I love the Magic Mouse, but there seems to be too much friction between it and my table, so I got a mousepad. That made it even worse, so I bought a special very thin mousepad. Maybe it's a little better, but still sucks compared to other mice when physically moving it around.

Today I went to the Apple Store to see if there's maybe a special mousepad I need. The employee showed me their sample magic mice and said that's just how they are.

Is this true? I love the Magic Mouse in every other way, if it was only physically more smooth, it would be absolutely amazing. Is there a mousepad that works particularly well with it?

11 Answers 11


Personally, I don't have a problem with the amount of friction when using the Magic Mouse.

A quick google revealed there are products, eg. "Fliders" that add "slippers" to the bottom of mice, and they have a Magic Mouse specific product. I don't have any direct experience with them or connection to the product in any way, but for $10 it might be worth a shot.

  • Sorry to ping such an old question, but was wondering if you ever had any luck with the Fliders? I'm trying to solve the same issue with my Magic Mouse. Thanks! :)
    – trnelson
    Nov 1 '11 at 1:59

I have a five year old magic mouse that's still going great.

I had the same problem with the mouse feet wearing down to the point where the battery cover was making contact with the desk. It became gritty and not very pleasant to use. I then coated the feet with teflon tape and also covered the worn spot on the battery cover. The tape is extremely thin and won't affect tracking. It feels like the mouse is new. The tape is durable - I haven't had to change it yet and the roll contains enough tape to do a LOT of mice.

The tape I used is ½ inch wide. I applied it as follows:

  1. Remove battery cover and measure the length of the feet. Cut a strip of tape the same length.
  2. Start from inside the battery cover by aligning the tape to the vertical part of the feet (at this point the tape should be perpendicular to the bottom of the mouse case. Use your fingernail or something like a toothpick to seat the tape to the fee.
  3. Gently roll the tape around the feet and under the 'v' between the feet and the mouse case. Again, your fingernail works great for this.
  4. Use a single edge razor blade or exacto knife the trim the excess tape.

Enjoy your 'new' mouse.


I evenly spread some Talcum Powder on the Mouse pad and now the Magic Mouse is floating like a Air Hockey Mallet.

  • You mean an air hockey puck?
    – IconDaemon
    Nov 5 '15 at 1:54
  • 2
    No he definitely means mallet. You don't move the puck with your hand.
    – Stimp
    Jul 12 '19 at 20:18

The skates can get somehow coarse, which in turn adds friction. I simply added some Teflon tape to mine and it's been smooth ever since.


I had the same problem.

I wound up taking a box-cutter and physically shaving down the two long mouse feet in the middle, so they only contacted on the ends.
It certainly helped, but as near as I can tell, the problem really boils down to the plastic used to make the feet.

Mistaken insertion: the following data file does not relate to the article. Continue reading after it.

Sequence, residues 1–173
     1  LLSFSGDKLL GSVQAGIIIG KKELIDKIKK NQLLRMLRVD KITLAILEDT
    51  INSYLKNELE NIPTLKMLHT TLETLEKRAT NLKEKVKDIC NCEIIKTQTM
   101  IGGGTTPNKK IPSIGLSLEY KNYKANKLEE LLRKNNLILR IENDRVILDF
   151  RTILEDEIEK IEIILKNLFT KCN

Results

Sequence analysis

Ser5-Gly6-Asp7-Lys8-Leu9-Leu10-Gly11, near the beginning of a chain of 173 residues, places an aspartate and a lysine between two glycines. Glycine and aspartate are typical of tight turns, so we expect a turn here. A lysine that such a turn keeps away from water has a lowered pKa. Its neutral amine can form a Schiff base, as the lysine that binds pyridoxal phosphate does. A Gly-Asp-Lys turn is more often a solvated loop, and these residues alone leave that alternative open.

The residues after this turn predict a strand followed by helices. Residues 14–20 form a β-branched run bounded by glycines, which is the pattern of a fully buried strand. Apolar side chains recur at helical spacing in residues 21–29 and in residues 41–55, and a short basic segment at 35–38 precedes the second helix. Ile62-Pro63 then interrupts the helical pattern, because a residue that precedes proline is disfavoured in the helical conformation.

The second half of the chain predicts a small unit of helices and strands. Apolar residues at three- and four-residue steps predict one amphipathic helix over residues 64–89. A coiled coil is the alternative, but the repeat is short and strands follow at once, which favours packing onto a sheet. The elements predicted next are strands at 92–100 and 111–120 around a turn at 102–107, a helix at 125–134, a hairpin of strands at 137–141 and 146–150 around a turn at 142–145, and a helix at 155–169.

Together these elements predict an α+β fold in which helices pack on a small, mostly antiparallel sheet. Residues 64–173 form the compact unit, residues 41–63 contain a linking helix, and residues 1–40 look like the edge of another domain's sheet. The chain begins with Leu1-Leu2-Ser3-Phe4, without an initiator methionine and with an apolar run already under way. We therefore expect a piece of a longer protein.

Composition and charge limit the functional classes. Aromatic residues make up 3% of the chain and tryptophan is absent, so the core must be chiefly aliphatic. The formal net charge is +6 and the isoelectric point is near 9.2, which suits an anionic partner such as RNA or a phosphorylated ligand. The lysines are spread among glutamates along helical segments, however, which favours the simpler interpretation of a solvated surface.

One other thing that did help was a hard plastic mouse pad.

  • I ended up doing the same thing, shaving down the long mouse feet using a knife, works really well Nov 14 '12 at 16:56

I solved the problem by applying a little bit of vaseline on the two long magic mouse feets and then rubbing them gently with the back of a knife. After that, I used a kitchen steel wool to rub both feets again.

The mouse now slides over any surface like a SpaceX falcon rocket Lol


I'm a hobbyist who uses a self-healing cutting surface to razor-cut paper. I discovered by accident that this "board" is an excellent surface for the magic mouse. It's available at Michael's or other craft stores. It measures about 13" X 19"; this being a good size for paper-cutting, I left it as is, but you could cut it up to make several mousepads if you chose to. Actually first find out how to cut it up, since it's self-healing!


The Magic Mouse has the slight drag by design. It needs this to prevent the mouse from sliding all over the place when you use the surface of the mouse with finger gestures. If it was smooth gliding there is no way the mouse could be effectively used as a touch mouse.


I simply took cellulose tape strips and stick them on the rubber feet under the mouse. It works great! Its as smooth as it can be and simple to do.


After reading the advice here and looking at the various tapes I just stuck Scotch Magic Tape to the skids on my Mac mouse, and it has reduced the grating sound. That'll do the job for me at the moment.


There's not much you can do to make the mouse lighter. The only factor is less weight batteries which typically have less energy or more waste.

For reference AA battery weights in grams:

  • 24 - Duracell ProCell Alkaline
  • 26 - Eneloop NiMH rechargeable (1500 to 1900 mAh)
  • 28 - Energizer NiMH rechargeable (2500 mAh)
  • ≈18 - Eneloop Lite NiMH rechargeable (950mAh)

Once you've slimmed down the weight, consider altering the friction. Have you considered waxing or lubricating the table a bit? If not - then you could get some high quality silicone grease (home depot plumbing or scuba stores) to make the plastic runners a little more slick. It is safe and thick enough that it will stick rather than come off immediately.

  • I am using eneloop lite, which is half of the capacity of ordinary AA rechargeable battery, but much lighter.
    – amdyes
    Jan 4 '19 at 6:08

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